2014-01-01

340

Study of antiviral and virucidal activities of aqueous extract of Baccharis articulata against Herpes suis virus.  

PubMed

Baccharis articulata is native of América and traditionally used for the treatment of digestive disorders and urinary infections. Cytotoxicity of aqueous extracts of B. articulata was investigated in Vero cells. As the maximal non cytotoxic concentration has been established, this concentration has been used to evaluate antiviral and virucidal activities against Herpes suis virus type 1, member of the same subfamily of Herpes simplex virus. Aqueous extracts of B. articulata exhibited more than 95% of virucidal activity. These findings support their potential application as a disinfectant or antiseptic with low toxicity and provide a valuable knowledge to ethnopharmacology properties of Baccharis articulata. PMID:21834241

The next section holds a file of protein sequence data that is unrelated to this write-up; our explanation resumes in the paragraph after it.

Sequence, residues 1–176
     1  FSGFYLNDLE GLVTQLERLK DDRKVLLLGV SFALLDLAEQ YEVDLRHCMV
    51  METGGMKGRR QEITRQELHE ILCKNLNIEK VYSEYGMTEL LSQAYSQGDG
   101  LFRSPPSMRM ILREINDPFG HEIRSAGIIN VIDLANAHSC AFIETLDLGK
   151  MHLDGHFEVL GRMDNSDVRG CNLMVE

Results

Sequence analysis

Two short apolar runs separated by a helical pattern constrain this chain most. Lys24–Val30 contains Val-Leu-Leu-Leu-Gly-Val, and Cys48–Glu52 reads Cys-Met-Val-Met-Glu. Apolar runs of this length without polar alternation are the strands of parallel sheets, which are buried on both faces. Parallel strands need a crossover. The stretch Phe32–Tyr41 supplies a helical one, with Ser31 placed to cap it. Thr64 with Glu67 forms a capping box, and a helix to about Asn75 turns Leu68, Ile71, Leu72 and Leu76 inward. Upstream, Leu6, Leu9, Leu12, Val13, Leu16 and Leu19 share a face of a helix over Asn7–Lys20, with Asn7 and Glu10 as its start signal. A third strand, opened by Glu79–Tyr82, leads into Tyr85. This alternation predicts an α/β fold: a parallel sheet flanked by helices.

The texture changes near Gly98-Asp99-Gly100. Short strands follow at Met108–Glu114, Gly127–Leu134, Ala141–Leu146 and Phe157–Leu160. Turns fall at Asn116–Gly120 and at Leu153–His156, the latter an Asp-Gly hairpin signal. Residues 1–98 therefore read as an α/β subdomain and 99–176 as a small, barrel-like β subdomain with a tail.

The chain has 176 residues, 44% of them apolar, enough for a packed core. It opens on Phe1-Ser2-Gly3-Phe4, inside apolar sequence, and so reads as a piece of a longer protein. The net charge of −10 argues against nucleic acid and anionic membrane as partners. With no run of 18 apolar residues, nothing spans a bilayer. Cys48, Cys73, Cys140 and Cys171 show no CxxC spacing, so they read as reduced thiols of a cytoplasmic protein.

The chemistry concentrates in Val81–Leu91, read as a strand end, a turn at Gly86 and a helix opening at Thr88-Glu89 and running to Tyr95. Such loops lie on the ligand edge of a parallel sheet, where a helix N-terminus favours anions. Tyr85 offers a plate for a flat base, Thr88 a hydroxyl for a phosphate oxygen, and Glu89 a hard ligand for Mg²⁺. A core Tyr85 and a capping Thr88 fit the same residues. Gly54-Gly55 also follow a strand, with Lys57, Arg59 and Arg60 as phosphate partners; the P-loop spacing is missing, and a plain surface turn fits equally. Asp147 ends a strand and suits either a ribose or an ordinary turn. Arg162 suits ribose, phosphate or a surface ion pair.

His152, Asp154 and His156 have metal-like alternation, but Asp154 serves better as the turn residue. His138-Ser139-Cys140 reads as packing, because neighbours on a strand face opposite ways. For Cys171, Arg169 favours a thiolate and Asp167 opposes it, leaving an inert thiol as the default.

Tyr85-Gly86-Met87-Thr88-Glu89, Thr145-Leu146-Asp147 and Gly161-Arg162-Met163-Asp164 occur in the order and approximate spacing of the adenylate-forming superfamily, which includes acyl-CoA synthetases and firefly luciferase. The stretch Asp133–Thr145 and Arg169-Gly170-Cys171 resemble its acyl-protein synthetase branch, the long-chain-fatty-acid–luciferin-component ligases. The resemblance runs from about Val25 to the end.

Torres, Cristina Vanesa; Domínguez, María Julia; Carbonari, José Luis; Sabini, María Carola; Sabini, Liliana Inés; Zanon, Silvia Matilde

2011-07-01

341

A prospective study of the psychological impact on patients with a first episode of genital herpes.  

PubMed Central